Explaining my role as a Chief Resilience Officer often means explaining what resilience is at OVHcloud, why it’s a core topic for the company, and how we plan to do it over the next few years. This is the pedagogy exercise that I suggest you carry out through this blog post.
To be Chief Resilience Officer is to ensure that we never stop innovating, questioning and moving forward – it involves developing, improving standards and continuing to build the unique OVHcloud model, in order to offer our customers the most demanding service level.
First, there are requirements
To be a Chief Resilience Officer, you need to know how to build over the short, medium and long term. You also need to know how to adapt, react quickly, anticipate and plan ahead. The majority of resilience missions fit into the company’s five-year plan. So it’s not a question of doing everything right now, but of ensuring that every step is taken in time for us to reach the right destination at the right time. Our destination ans our ambition are clear: raise protection/prevention standards and set new standards for our business. Now more than ever, our goal is to be even closer to our customers, and to support them – effectively and on a daily basis – in developing their business by guaranteeing service continuity.
To be a Chief Resilience Officer, you will help reinforce what makes OVHcloud valuable: from infrastructure and solutions, to the network or to the people in our organisation. The physical security of our teams and the continuity of our customers’ activity have always been and will remain our main concerns. We ensure that we can raise the standards for protection and prevention in our existing datacenters meet industry or international benchmarks, and if necessary, go even further with the goal of being “hyper” resilience. Numerous physical security measures were already in place to limit the impact of power, network or other major events (on all our redundant network sites, redundant power supply, fire plan). We want to increase their resilience, particularly by making automatic shutdowns more widespread and systematic across all of our websites. We are doing this by rethinking urbanisation in order to limit the impact of an incident, by managing all of the risks on servers and services, and by reinforcing compartmentalisation and fire resistance. Physical security will also be strengthened.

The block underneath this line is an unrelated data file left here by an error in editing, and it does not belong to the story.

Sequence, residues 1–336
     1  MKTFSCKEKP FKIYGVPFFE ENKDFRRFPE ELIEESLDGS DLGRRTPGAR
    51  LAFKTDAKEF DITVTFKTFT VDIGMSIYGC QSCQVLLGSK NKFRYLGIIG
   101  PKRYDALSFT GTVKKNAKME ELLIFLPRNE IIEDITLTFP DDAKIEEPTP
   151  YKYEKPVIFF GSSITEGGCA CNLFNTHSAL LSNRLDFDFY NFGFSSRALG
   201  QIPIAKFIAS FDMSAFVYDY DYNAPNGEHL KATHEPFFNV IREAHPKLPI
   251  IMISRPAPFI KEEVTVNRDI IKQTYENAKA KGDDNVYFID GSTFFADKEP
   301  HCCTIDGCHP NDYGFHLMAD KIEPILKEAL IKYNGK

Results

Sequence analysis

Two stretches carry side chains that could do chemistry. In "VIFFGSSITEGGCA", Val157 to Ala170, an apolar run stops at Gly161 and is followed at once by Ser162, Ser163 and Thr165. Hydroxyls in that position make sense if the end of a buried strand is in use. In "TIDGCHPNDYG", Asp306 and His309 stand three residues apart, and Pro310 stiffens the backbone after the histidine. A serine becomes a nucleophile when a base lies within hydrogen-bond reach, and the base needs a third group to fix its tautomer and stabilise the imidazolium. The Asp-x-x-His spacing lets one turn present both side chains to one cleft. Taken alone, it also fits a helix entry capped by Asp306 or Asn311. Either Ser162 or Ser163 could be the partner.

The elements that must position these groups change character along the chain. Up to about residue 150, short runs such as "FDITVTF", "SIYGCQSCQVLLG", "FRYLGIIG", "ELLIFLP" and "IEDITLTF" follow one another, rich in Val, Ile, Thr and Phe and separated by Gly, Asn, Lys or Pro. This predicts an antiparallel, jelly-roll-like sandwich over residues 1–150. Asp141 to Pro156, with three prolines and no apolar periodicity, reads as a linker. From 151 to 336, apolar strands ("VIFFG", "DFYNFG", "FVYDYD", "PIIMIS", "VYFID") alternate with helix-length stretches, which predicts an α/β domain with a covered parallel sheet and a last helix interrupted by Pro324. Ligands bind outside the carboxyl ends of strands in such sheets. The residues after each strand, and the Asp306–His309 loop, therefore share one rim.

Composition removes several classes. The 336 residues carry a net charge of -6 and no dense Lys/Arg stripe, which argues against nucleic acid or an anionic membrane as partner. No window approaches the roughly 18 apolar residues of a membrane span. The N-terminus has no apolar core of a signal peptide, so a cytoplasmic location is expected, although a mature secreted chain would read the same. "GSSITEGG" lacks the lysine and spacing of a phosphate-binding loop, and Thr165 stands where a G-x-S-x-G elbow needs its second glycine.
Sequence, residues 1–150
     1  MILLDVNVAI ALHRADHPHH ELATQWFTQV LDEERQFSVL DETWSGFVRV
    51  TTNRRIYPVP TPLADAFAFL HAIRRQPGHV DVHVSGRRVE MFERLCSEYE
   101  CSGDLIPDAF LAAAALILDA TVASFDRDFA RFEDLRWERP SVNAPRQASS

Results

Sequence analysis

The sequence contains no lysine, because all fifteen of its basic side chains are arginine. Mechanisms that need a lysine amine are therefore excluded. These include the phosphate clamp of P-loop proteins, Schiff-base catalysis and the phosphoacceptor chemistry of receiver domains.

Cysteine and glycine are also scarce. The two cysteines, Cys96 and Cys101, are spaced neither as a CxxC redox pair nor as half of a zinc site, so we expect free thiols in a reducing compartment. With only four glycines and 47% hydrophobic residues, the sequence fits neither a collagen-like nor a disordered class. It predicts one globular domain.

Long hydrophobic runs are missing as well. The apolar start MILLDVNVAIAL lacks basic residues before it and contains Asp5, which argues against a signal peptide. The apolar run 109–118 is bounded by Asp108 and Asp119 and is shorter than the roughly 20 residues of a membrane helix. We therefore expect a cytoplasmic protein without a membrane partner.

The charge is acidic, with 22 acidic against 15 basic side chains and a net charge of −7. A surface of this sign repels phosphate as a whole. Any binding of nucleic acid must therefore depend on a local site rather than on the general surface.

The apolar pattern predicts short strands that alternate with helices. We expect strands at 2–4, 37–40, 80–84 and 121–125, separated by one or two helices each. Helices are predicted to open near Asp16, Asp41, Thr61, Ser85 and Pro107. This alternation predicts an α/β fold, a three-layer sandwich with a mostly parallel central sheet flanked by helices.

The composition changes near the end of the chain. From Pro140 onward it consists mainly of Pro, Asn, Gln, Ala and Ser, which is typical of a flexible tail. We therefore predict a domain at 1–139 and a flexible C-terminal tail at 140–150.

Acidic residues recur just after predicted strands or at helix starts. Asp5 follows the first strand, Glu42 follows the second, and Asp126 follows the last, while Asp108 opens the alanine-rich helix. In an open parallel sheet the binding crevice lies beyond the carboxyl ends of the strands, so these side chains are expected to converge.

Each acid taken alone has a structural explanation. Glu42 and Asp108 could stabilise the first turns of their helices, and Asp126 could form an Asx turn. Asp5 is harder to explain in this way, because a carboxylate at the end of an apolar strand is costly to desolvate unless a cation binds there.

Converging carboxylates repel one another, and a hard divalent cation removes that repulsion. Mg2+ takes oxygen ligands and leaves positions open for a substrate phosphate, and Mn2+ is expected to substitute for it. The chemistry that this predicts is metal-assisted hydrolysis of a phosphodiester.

Becoming highly resilient
When we build new datacenters, we are inspired by the best practical cases, and rank ourselves as the market benchmark in terms of protection standard. Our datacenters in the pipeline, and datacenters under construction, will demonstrate this. We will have the opportunity to tell you more in a few months.
Becoming highly resilient also means continuing to raise our demand for solutions.
In the short term, this means both ensuring that our customers have a good level of knowledge of the backup and Disaster Recovery Plan (DRP) offers offered as part of our service catalogue (for example, the free 500 GB backup space available on bare-metal ranges, backup options for VPS and backup and DRP solutions on the market) and connecting our customers to our ecosystem partners who can support them in their disaster recovery plans.
In the medium term, we are developing new services.
We want to build new solutions and partnerships to offer our customers one of the most developed backup and DRP portfolios on the market. At the same time, we will build 4 datacentres that can serve as technical backups for OVHcloud solutions, which will enable us to restore our customers’ services (from the technical backups made for our services to work) in the event of a total loss of business (a situation that our approach to high resilience on infrastructure and network aims to avoid). We are currently acquiring the land and we will be able to inform you in the coming months about the progress of the work.
For applications that require even greater resilience, we will ensure we can offer our customers an instant redundancy service – by creating regions in 3 datacentres, all in close proximity. The principle is simple: a permanent copy will ensure business continuity. The first region to have such an infrastructure would be Paris.
In parallel with the shared measures, we undertook the project to certify “ISO 22301” our active business continuity plans. Recognition based on an unquestionable international standard will provide even more transparency and understanding of OVH’s resilience processes.
On the coming months, I will focus with you on four specific topics in other blogposts, detailing the OVHcloud strategy, ambitions and calendar:
- Hyper-resilience @OVHcloud: physical security and business continuity
- The @OVHcloud back-ups – a reminder of existing solutions and the roles of the DC back-up
- AZ – 2 letters for triple resilience: Availability Zone
- Network @OVHcloud